Bóng Eroticism in Queer Vietnamese Cinema by Nguyen Tan Hoang

Picture from the movie Fool for Love, 2010

This article has been published as part of the Asian Film Festival Berlin 2017.
For further infor­mation please visit the website of the fes­tival./
Dieser Artikel erscheint im Rahmen des Asian Film Festivals Berlin 2017.
Besucht bitte die Webseite des Festivals für weitere Informationen.

The queer literary critic Hiram Perez has written, “Being gay always involves, to some extent, being some­place else.” This assertion high­lights the close con­nection between queer identity and phy­sical mobility. Recall American sol­diers tra­veling from small towns in the Midwest to the big cities on the coasts during World War II, and more recently, migration by Filipina workers from Manila to Hong Kong, Dubai, and Rome in the past several decades. What is striking in these move­ments is the way these sub­jects come to try out, adapt, and adopt queer iden­tities after they have left home for “some­place else.” It’s worth noting that queerness-via-mobility is accorded dif­ferent values depending on one’s points of departure and arrival: a movement from opp­ression to libe­ration, igno­rance to affir­mation, but also from safety to danger, fami­liarity to alienation.

Picture from the movie Fool for Love, 2010
Figure 1. Để Mai Tính (Fool for Love, dir. Charlie Nguyen, 2010)

This tension unders­coring queer mobility can be seen in a small cycle of high-profile Vietnamese films that offer unpre­ce­dented tre­at­ments of male homo­se­xuality: Trai Nhảy (Bar Boys, dir. Lê Hoàng, 2007); Để Mai Tính (Fool for Love, dir. Charlie Nguyen, 2010); and Hot Boy Nổi Loạn (Lost in Paradise, dir. Vũ Ngọc Đãng, 2011) [Figure 1]. These films depict “gay,” or bóng (literally “shadow”), cha­racters either as rural workers living in abject poverty in the big city or wealthy overseas Vietnamese returning to exploit business oppor­tu­nities. In both cases, they are seen as the out­sider within, that is, as the national abject due to their extreme class status or sexual deviance. More broadly, in these films, homo­se­xuality is closely tied to gender fluidity, con­spi­cuous con­sumption, and trans­na­tional travel and migration. Marked as aff­luent, cos­mo­po­litan, and modern, these cha­racters’ bóng ero­ticism is painted as con­ta­gious, addictive, and morally corrupt. The achie­vement of bóng capi­talist success is con­si­dered alie­nating, resulting in the irre­trievable loss of tra­di­tional forms of intimacy and kinship. The films’ nar­rative tra­jec­tories echo the films’ address to upward and outward audi­ences; both in their themes and circuit of exhibition-reception-distribution, the films fore­ground the desires for market freedoms and the necessity of reigning in those dan­gerous freedoms.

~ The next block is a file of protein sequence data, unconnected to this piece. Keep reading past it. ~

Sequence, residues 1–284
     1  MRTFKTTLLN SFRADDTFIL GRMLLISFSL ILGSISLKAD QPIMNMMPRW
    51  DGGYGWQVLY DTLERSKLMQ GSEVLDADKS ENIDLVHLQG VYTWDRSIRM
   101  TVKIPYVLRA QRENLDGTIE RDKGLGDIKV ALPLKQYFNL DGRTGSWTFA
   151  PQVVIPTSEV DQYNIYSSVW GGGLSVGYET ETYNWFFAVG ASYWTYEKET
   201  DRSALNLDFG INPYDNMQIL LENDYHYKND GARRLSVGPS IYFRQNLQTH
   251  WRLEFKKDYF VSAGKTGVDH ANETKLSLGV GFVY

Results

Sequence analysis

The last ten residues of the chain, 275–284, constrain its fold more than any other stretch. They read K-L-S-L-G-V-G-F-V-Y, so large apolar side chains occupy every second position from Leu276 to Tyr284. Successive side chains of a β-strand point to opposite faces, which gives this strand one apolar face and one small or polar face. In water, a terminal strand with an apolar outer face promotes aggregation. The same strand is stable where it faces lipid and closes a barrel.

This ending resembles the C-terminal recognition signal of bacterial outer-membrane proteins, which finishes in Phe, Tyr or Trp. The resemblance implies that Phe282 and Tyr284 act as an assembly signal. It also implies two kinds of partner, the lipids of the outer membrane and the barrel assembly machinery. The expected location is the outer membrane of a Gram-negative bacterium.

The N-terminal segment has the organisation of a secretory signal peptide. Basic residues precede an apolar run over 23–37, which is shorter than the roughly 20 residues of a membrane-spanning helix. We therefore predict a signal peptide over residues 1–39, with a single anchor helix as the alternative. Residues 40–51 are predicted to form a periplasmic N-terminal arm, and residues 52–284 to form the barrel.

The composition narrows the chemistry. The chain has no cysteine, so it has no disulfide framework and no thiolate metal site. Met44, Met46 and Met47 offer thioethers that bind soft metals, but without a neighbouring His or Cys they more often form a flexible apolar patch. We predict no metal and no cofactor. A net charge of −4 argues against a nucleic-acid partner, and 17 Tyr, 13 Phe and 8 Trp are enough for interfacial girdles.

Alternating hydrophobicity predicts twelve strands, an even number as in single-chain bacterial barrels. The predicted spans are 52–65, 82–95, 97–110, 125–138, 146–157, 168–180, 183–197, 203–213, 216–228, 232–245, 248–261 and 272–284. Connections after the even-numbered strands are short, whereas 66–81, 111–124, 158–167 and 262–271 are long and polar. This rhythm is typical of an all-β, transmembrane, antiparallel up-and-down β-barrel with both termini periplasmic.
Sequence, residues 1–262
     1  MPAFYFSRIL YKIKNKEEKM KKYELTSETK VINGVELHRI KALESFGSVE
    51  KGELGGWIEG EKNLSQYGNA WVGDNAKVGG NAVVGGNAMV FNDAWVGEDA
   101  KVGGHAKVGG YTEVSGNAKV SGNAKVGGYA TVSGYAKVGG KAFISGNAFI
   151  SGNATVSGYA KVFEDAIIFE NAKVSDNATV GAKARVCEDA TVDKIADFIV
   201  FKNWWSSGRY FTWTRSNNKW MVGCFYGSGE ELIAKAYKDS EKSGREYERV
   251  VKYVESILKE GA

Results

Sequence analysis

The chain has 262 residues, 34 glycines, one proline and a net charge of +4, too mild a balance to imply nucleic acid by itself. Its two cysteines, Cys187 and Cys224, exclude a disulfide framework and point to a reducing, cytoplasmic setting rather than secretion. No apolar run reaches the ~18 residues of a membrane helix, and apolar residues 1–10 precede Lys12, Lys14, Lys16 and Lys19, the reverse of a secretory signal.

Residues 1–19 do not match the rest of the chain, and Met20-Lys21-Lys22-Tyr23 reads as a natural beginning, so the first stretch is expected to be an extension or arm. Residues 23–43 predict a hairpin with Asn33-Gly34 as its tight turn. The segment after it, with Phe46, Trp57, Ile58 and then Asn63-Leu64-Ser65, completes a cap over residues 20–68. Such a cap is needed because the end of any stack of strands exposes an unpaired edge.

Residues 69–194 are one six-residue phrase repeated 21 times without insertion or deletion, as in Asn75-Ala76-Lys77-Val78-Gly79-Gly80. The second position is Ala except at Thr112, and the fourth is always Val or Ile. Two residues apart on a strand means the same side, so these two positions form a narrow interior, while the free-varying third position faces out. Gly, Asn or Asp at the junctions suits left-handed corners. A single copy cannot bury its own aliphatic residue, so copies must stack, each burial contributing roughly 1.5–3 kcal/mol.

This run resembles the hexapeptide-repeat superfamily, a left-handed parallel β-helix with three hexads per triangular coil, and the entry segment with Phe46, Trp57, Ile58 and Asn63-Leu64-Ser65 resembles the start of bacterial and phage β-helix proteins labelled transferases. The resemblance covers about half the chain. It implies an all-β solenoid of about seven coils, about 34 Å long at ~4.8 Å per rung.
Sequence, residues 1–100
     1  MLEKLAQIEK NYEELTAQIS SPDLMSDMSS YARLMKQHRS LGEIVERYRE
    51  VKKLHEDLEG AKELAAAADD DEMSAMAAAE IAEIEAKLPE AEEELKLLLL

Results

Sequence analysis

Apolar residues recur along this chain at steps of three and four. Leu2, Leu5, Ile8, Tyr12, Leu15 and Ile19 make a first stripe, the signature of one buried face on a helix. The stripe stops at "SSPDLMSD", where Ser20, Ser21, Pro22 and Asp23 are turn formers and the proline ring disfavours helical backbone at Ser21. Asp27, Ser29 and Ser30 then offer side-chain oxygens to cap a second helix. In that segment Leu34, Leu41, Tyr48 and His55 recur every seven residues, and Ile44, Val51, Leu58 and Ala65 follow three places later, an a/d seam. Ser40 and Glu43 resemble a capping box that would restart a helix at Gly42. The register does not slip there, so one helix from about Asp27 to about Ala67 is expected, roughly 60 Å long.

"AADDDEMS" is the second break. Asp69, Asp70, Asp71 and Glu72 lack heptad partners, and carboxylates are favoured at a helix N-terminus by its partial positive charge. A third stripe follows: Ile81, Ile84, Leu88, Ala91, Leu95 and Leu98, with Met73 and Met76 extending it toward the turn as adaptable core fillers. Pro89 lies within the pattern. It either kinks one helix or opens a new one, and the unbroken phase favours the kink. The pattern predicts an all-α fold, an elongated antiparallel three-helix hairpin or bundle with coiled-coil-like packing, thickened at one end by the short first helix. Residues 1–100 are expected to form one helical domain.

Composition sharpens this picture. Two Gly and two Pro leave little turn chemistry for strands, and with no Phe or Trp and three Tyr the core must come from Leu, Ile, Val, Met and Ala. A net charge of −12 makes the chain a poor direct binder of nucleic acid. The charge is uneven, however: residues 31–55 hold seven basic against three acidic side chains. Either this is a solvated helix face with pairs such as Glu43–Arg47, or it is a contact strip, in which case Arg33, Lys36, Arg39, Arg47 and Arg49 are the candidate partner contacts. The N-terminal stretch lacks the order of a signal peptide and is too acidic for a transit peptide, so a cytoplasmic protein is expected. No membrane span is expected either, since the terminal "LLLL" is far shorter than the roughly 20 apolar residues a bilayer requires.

Picture from the Movie Lost in Paradise, 2011
Figure 2. Hot Boy Nổi Loạn (Lost in Paradise, dir. Vũ Ngọc Đãng, 2011)

Consider the opening sequence of Hot Boy Nổi Loạn which intro­duces the two main cha­racters. Khôi is a twenty-year old man who comes to Saigon from the smaller coastal city of Nha Trang after his family disowned him for being gay; the sequence shows Khôi walking around pic­turesque downtown Saigon. Intercut with Khôi’s city wan­de­rings are shots of another young man named Đông exer­cising in a public park. The camera lovingly and fetis­histi­cally frames Đông’s half naked, buffed body as he goes through his exercise routine; it exploits mul­tiple vantage points, from intimate close ups to omni­scient high angles, to showcase Đông’s magni­ficent spe­cimen of manhood: rippling abs, sculpted pecs, massive shoulders, thick legs. The cross-cutting between adver­ti­se­ments for Chanel and Gucci, that is, global luxury brands, and Đông’s mus­cular body creates a desirous asso­ciation between the lure of com­mo­dities and the lure of the Vietnamese male body: both are for sale. The visual echo between the made-in-Vietnam male body and the imported, International Male one sug­gests a new body aes­thetic: that of the nor­ma­tively mas­culine, straight-acting “global gay” [Figure 2].